TROY, N.Y. "United in Anger: A History of ACT UP" is a unique feature-length documentary about how a small group of men and women of all races and classes, came together to change the world and save each other’s lives. This inspiring film shows the birth and life of the AIDS activist movement from the perspective of the people in the trenches fighting the epidemic. Using oral histories and rare archival footage, the film depicts the heroic efforts of ACT UP in the battle against corporate greed, social indifference, homophobia, and government neglect.
According to the NY Times, "As scrappy and passionate as the actions it documents, ‘United in Anger: A History of Act Up’ delivers a living tribute to a movement spawned by death and despair."
"I started making this film 25 years ago, 10 years ago or 3 years ago depending on how you look at it," says film maker Jim Hubbard.
"I first filmed ACT UP at the Lesbian & Gay Pride March in New York in June 1987. I started filming Gay political events in 1979 in the lead up to the first national march on Washington. In the early 1980s when AIDS first devastated the Gay community, I began thinking about making a film about AIDS, but was stymied because I had no intention of elbowing my way into hospital rooms to show people at their most vulnerable and victimized as the mainstream media were doing. In 1984, my ex-lover, the filmmaker Roger Jacoby, was diagnosed. He wanted to be filmed and during the last year and a half of his life I filmed him and when he died, I inherited his outtakes.
"I continued to film ACT UP over the years with my 16mm camera, but the real heroic effort of documenting the AIDS activist movement was carried on by the dozens of AIDS activist videomakers whose work appears in United in Anger. From 1995 to 2000, I worked with the Estate Project for Artists with AIDS to convince many of these videomakers to donate their footage to the New York Public Library’s Division of Manuscripts and Archives. The NYPL’s AIDS Activist Video Collection consists of more than 1,000 hours of finished tapes and raw footage. It is an historical resource of immense value and I am exceedingly grateful to the many filmmakers who allowed me to utilize their footage. I bear full responsibility for this film, so if you have complaints direct them to me, but I feel very strongly that the film is the end result of the collective work of dozens of valiant people who videotaped and edited the remarkable body of work that documents the AIDS activist movement. As I worked on the film I always felt that there was a collective intelligence that shaped it and made it possible."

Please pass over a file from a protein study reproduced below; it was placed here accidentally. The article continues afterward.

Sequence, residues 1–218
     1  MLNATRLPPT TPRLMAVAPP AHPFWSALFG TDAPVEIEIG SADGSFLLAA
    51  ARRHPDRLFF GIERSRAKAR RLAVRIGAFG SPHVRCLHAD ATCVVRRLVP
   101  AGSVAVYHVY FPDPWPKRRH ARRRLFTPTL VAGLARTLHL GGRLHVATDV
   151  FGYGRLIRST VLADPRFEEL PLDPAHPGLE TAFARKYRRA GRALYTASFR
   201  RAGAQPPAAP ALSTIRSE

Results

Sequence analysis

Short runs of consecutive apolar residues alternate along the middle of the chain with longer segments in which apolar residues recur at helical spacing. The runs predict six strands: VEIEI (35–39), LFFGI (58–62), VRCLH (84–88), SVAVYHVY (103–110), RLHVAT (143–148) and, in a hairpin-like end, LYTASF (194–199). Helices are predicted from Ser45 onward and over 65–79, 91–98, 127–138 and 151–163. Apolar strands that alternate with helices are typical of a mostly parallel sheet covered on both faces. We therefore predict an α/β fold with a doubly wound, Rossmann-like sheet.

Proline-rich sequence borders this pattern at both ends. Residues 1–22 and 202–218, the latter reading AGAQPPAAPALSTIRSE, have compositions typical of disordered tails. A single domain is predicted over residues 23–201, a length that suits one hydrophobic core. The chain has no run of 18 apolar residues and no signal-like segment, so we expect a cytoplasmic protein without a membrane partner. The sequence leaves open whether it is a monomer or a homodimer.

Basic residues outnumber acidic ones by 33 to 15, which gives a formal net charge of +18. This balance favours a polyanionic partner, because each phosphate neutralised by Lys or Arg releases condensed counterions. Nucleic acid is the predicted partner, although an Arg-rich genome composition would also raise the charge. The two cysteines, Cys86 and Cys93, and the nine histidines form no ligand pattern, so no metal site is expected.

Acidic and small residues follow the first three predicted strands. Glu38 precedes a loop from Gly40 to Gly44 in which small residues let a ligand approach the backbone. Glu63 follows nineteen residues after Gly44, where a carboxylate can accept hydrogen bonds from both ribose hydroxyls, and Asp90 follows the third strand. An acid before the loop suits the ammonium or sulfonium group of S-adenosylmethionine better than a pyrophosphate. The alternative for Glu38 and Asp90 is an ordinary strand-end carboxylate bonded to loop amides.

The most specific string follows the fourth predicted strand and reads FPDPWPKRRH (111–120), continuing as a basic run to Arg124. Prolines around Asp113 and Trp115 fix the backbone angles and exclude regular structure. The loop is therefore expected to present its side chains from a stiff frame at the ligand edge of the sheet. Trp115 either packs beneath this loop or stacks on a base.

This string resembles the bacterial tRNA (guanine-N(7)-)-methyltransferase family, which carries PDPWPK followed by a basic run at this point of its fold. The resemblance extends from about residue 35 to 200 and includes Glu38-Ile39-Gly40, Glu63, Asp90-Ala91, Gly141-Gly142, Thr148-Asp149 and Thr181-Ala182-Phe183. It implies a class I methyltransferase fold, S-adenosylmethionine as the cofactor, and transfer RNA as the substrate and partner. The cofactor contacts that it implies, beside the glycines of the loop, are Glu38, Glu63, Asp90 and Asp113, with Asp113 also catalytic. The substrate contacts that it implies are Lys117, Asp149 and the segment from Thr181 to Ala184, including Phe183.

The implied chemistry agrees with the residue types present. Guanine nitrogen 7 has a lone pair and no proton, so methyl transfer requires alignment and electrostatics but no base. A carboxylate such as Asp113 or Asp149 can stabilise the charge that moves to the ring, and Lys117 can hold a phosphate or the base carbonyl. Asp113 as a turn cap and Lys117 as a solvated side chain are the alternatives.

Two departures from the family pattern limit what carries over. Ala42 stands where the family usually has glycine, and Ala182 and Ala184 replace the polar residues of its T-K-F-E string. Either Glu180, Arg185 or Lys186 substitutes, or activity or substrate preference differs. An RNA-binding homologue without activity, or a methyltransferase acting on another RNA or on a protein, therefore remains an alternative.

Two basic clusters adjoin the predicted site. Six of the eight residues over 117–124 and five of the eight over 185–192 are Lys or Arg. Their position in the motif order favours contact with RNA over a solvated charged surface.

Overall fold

"In June 2001, during the 20th anniversary of AIDS, Sarah Schulman heard a radio broadcast that said in essence that ‘at first Americans were upset by AIDS, then they got used to it.’ We knew we had to do something about this political amnesia that effaced the incredible efforts of thousands of AIDS activists, living and dead. We began the ACT UP Oral History Project. To date, we have videotaped interviews with 128 ACT UPpers and expect to interview at least 100 more before we are finished. James Wentzy who has been documenting ACT UP since 1990 videotaped most of the interviews. Many excerpts from these interviews are in the film and people can download complete transcripts and view more video excerpts (edited by James and me) on the website www.actuporalhistory.org."
"I began intensely editing this film about three years ago. I took it as far as I could go, but always knew that for this film to be accessible to an audience that hadn’t been steeped in the AIDS crisis for thirty years, I would have to find a young editor who could make sure that it was intelligible to a wide audience. I was extraordinarily lucky to find Ali Cotterill who worked so incredibly hard on this film and edited it so it became the elegant, smart and comprehensive film that I think it is."
This presentation of "United in Anger" with film maker Jim Hubbard is co-sponsored by iEAR Presents! and made possible by volunteer labor and small financial contributions from thousands of patrons of The Sanctuary for Independent Media.
The Sanctuary for Independent Media is a telecommunications production facility dedicated to community media arts, located in an historic former church at 3361 6th Avenue in North Troy, NY. The Sanctuary hosts screening, production and performance facilities, training in media production and a meeting space for artists, activists and independent media makers of all kinds.